Ms. Malhotra contended that the impugned order of ITAT erred in law and on facts in rejecting high profit margin comparables by disregarding broad similarity between functions performed, assets used and risk undertaken by the assessee and the comparables excluded by the Tribunal by ignoring the findings of facts recorded by the TPO. The decision of Mumbai International Airport Private Limited v. Golden Chariot (2010) 10 SCC 422 was also highlighted, wherein, it has been held by the Apex Court with regard to “doctrine of election” and “doctrine of approbation and reprobation” that the litigant cannot change and choose its stand to suit its convenience. In the facts of the present case, it was asserted that the assessee could not change their stand that stringent standards of comparability analysis should not be applied to low profit margin comparables while it should be applied to high profit margin comparables to suit its convenience. It was asserted that the Assessee, as well, as the companies selected by the TPO as comparables are engaged in the business of providing advisory services in various fields and these advisory services were in the form of knowledge services which required not only analysis but interpretation of various data, and hence in no way different from each other in terms of their functional profiles.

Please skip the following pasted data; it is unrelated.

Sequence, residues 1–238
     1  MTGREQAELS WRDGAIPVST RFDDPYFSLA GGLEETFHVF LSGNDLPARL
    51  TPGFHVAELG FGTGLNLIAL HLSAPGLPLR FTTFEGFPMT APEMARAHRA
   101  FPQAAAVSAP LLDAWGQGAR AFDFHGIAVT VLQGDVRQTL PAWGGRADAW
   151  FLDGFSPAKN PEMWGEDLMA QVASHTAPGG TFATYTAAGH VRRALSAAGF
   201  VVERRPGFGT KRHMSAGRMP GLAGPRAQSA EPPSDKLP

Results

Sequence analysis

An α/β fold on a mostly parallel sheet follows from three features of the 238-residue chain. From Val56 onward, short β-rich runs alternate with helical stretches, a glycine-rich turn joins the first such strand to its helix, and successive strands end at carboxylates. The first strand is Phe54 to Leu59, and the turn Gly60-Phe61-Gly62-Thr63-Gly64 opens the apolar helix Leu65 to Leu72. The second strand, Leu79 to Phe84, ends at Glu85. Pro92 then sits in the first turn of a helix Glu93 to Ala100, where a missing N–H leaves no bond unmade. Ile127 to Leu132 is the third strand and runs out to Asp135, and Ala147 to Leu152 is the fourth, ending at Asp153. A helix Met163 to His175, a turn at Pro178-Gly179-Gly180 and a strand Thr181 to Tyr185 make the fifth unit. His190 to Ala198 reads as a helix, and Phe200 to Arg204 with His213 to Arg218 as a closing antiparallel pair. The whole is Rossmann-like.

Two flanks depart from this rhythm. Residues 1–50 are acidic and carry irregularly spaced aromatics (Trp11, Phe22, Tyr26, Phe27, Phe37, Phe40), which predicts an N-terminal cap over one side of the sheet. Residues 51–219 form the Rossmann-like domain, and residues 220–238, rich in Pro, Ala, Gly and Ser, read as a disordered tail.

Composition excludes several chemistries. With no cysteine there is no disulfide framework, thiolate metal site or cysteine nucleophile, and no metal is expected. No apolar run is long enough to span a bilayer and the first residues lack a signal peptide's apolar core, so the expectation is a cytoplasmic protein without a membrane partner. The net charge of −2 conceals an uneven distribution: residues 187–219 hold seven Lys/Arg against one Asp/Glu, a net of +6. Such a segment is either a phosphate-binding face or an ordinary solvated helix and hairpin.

The Revenue also argued that, the assessee being a knowledge center is engaged in the business of high skilled advisory services which requires not only analysis of specialized data but also involves analysis, processing, customization, interpretation of data and creation of knowledge bank. Similarly, it was submitted that the companies selected by the TPO as comparables, engaged in the business advisory services were in the form of knowledge centers which required not only analysis but interpretation of various data and therefore, the Tribunal erred in holding that the functional profile of the comparables excluded by the Tribunal were different from the assessee.
Analysis and Conclusions
22. The assessee’s primary contention is that it functions as, and hence seeks to be identified as a BPO and not as a KPO. Before examining this contention, it would be useful to look at the legislative history and purpose of introducing transfer pricing adjustment in the Income Tax Act, 1961 (the “Act”), as highlighted in Rampgreen Sales Pvt. Ltd. v. CIT (supra) as follows: